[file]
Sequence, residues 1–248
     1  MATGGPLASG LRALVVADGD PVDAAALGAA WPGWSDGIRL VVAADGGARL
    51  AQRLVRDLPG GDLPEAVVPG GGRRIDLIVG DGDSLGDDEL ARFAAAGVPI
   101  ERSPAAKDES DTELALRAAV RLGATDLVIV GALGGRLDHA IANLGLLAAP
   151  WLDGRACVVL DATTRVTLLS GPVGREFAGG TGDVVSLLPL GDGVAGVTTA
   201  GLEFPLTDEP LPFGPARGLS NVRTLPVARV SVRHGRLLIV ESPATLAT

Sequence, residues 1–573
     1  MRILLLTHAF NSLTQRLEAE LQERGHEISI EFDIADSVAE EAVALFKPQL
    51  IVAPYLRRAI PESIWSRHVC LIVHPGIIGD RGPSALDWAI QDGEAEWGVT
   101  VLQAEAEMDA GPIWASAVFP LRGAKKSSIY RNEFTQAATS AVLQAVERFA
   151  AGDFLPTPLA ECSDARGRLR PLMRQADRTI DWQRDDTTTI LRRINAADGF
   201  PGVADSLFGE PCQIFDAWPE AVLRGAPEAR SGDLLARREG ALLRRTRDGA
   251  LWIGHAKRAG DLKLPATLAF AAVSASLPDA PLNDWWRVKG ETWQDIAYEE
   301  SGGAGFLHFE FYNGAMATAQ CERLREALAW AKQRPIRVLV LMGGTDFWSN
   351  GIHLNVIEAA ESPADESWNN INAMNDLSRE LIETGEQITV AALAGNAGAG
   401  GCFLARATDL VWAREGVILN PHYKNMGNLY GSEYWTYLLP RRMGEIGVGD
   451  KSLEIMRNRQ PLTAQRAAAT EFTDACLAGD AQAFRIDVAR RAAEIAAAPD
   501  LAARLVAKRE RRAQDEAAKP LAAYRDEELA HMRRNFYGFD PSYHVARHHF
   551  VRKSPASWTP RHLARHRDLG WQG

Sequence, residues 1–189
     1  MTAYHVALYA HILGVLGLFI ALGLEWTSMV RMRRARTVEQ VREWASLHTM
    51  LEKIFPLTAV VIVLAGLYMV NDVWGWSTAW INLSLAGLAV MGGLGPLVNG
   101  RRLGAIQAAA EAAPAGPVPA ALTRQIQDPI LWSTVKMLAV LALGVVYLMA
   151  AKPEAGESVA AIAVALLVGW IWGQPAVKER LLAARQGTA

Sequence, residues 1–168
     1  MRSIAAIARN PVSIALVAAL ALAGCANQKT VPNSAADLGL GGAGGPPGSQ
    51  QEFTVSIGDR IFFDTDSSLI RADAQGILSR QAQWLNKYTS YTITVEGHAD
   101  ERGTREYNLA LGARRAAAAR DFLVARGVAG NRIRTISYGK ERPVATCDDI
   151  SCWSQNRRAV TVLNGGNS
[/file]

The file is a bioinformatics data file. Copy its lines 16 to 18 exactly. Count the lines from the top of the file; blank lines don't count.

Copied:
   401  GCFLARATDL VWAREGVILN PHYKNMGNLY GSEYWTYLLP RRMGEIGVGD
   451  KSLEIMRNRQ PLTAQRAAAT EFTDACLAGD AQAFRIDVAR RAAEIAAAPD
   501  LAARLVAKRE RRAQDEAAKP LAAYRDEELA HMRRNFYGFD PSYHVARHHF